Editorial Board   Guest Author

Mr. Swinburn

John Swinburn

Executive Director, Mystery Shopping Providers Association

John Swinburn is Executive Director of the Mystery Shopping Providers Association (MSPA), a position he has held for eleven years. In this role, he has developed a keen understanding of the crucial importance to a company's image, and to its bottom line, of regularly measuring and successfully managing the customer experience. Several of the association's member companies specialize in hospitality industry customer experience measurement and management, giving him the opportunity to learn about industry-specific issues related to hotels' customer experience. That access, coupled with a career in association management spanning more than thirty years—many of which have been spent in various components of the hospitality industry—has given him a unique perspective on the ways in which both organizations and individuals perceive and respond to hotel brands. During his tenure with MSPA, Mr. Swinburn was instrumental in launching an annual industry operating ratio survey, the results of which member companies can use as benchmarks for their own financial and operational performance. "I am a firm believer in the concept that 'what gets measured gets done' and it just makes sense that the mystery shopping industry, which is all about measurement, should have its own internal measures to ensure good performance," he says. Mr. Swinburn was involved in the process which transformed MSPA from what had been a primarily North American association into a global organization with four distinct and largely autonomous geographic regions serving the North American, European, Asia-Pacific, and Latin American markets. Prior to forming his own association management company, Challenge Management, Inc. (which includes MSPA as a client), he served as executive director of what is now the International Association of Venue Managers and as senior vice president and chief operating officer of what is now the International Association of Exhibitions and Events. Earlier in his career, while employed by two Chicago-based association management companies, he served as executive director of several trade associations and professional societies. Mr. Swinburn graduated from the University of Texas at Austin with a bachelor of arts degree. He took graduate level courses at Sam Houston State University.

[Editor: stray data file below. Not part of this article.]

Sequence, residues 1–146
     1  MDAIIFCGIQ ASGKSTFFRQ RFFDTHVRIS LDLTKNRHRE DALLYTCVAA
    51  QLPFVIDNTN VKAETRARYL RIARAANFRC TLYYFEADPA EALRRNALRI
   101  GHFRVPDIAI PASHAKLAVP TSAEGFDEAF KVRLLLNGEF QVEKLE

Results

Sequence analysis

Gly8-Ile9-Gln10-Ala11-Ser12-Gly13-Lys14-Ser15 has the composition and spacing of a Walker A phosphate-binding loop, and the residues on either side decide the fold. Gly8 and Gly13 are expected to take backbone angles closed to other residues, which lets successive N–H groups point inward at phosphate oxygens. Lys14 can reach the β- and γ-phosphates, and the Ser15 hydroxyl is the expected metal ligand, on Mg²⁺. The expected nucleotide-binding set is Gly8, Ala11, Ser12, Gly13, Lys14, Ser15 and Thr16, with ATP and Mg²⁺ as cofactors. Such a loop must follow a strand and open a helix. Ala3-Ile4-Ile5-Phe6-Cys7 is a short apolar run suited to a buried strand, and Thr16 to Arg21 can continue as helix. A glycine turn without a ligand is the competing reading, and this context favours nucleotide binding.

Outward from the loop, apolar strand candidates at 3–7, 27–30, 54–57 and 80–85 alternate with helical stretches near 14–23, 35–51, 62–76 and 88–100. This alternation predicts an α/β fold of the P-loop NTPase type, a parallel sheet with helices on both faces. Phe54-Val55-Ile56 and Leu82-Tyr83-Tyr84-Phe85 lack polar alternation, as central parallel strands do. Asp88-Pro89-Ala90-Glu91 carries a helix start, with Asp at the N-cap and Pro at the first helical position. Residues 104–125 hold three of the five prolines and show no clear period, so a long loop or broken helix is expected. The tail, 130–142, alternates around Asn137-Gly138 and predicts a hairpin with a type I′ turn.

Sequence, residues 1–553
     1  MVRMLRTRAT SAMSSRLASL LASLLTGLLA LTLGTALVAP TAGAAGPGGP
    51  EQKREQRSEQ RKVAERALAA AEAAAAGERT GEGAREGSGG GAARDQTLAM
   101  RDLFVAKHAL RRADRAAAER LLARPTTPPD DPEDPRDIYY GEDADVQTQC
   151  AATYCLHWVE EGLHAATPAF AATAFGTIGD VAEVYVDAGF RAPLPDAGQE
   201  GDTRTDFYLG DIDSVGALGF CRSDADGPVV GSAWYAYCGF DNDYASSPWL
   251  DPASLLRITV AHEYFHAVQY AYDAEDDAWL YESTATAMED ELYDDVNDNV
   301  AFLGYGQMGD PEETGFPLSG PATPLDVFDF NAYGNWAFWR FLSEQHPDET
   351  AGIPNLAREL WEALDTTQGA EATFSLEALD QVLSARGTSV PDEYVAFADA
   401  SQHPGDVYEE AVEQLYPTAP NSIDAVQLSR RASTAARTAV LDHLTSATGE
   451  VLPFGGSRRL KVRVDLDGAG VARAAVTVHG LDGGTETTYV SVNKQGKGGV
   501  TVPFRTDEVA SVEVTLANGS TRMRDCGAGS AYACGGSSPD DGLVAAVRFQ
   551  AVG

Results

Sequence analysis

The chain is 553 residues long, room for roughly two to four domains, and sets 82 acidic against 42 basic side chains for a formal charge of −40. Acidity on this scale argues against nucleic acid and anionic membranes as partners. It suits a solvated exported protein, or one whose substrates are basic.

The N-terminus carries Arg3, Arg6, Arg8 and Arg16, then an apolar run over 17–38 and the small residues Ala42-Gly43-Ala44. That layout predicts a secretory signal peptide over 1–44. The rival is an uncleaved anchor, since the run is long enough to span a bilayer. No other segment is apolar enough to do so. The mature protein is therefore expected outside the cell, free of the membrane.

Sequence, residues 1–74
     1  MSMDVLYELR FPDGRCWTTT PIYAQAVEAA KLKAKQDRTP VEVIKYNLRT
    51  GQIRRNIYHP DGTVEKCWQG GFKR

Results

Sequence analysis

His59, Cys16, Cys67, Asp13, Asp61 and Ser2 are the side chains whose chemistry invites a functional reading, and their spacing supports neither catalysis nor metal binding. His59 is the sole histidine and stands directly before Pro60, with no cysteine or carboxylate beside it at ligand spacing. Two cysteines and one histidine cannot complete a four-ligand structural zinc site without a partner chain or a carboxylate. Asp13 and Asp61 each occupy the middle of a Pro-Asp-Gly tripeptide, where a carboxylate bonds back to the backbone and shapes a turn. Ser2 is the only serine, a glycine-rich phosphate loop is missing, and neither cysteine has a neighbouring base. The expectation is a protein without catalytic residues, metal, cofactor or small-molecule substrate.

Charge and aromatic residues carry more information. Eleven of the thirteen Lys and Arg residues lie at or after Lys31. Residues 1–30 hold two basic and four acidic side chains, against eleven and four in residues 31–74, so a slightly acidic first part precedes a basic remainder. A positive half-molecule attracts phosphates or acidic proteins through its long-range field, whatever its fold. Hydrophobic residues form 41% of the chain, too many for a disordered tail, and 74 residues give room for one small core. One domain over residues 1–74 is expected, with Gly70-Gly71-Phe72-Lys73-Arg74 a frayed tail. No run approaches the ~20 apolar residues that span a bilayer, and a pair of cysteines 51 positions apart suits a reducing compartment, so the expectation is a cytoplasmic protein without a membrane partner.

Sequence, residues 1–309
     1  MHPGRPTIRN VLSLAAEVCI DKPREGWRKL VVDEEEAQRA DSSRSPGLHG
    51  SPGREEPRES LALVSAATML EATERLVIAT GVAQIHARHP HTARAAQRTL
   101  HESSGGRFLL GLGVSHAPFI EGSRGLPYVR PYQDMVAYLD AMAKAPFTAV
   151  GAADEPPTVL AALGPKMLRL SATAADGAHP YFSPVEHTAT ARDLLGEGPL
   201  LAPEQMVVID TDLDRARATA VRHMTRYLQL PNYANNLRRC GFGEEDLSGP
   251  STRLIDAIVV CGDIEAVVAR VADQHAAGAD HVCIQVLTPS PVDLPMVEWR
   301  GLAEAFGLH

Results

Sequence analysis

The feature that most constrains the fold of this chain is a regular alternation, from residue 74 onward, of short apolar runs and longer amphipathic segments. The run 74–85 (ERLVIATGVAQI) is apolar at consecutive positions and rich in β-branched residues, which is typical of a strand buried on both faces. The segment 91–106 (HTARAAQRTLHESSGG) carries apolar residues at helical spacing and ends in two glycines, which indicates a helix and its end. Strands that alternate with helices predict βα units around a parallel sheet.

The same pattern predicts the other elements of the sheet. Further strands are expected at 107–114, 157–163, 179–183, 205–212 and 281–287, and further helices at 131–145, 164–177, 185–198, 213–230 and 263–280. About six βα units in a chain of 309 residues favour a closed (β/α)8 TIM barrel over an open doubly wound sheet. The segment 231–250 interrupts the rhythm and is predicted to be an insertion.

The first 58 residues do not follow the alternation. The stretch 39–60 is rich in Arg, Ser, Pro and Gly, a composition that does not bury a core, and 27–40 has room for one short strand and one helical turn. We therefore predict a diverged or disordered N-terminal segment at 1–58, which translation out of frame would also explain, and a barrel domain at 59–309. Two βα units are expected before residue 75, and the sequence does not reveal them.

Mr. Swinburn can be contacted at 972-406-1104 or info@mysteryshop.org

Coming up in November 2019...

Architecture & Design: Biophilic Design

The hospitality industry is constantly evolving to meet and exceed guest expectations. As a result, hotels are always on the lookout for new ways to improve the guest experience, and architecture and design is an essential part of this equation. Bold design is often the most effective way to make an exceptional first impression - an impression guests use to distinguish between brands. One design trend that is being embraced worldwide has become known as “Biophilic Design.” Biophilic design is based on the concept of biophilia, which is the theory that human beings have an innate tendency to seek out nature, natural elements, and natural forms. Biophilic design is more than hotels simply adding a surplus of plants; it involves incorporating specific design elements into a hotel in order to imbue it with a sense of wellness and well-being. Some of those elements include exposure to natural lighting; views of nature and rooms with a view; natural architectural patterns; salvaged or reclaimed woods of all types; reclaimed metals; sustainably sourced stone; living green walls and vertical gardens; and direct and indirect exposure to nature. Hotels that have incorporated biophilic design into their properties are reaping the benefits associated with this trend including reduced stress responses, better air quality, lower energy costs, and more positive guest reviews. Biophilic design has also been shown to improve guest moods and to satisfy consumer demand for environmental responsibility. Savvy hotel owners and managers are aware that nature-inspired elements enhance their guests' comfort and well-being, which is why this trend is becoming so prevalent. Biophilic design is just one topic in the fields of hotel architecture and design that will be examined in the November issue of the Hotel Business Review.